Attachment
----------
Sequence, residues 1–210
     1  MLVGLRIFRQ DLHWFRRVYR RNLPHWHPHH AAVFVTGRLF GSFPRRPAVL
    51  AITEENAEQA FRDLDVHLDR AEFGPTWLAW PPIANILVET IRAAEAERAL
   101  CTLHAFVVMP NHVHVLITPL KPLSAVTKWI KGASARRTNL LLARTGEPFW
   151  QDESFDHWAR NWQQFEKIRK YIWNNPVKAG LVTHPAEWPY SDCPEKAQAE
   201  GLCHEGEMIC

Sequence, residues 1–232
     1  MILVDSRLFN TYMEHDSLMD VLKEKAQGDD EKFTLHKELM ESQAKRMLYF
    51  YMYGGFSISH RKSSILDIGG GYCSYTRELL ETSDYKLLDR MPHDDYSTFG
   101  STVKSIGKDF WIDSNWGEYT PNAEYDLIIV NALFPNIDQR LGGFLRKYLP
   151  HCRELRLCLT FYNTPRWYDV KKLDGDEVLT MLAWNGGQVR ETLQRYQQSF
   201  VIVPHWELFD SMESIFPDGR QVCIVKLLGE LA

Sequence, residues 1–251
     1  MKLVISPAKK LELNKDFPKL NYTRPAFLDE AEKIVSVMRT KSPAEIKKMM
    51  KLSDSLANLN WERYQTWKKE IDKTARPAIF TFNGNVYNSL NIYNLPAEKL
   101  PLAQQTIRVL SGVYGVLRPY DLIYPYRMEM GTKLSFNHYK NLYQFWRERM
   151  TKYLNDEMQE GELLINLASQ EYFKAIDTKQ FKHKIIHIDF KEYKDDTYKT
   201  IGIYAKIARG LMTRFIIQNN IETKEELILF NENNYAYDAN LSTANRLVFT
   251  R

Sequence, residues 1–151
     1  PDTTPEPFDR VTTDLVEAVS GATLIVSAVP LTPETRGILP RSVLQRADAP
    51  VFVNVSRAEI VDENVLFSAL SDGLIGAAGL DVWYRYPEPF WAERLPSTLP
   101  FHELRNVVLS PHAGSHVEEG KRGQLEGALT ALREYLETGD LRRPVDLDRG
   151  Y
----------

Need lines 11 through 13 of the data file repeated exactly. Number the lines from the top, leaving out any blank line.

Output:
   151  HCRELRLCLT FYNTPRWYDV KKLDGDEVLT MLAWNGGQVR ETLQRYQQSF
   201  VIVPHWELFD SMESIFPDGR QVCIVKLLGE LA

Sequence, residues 1–251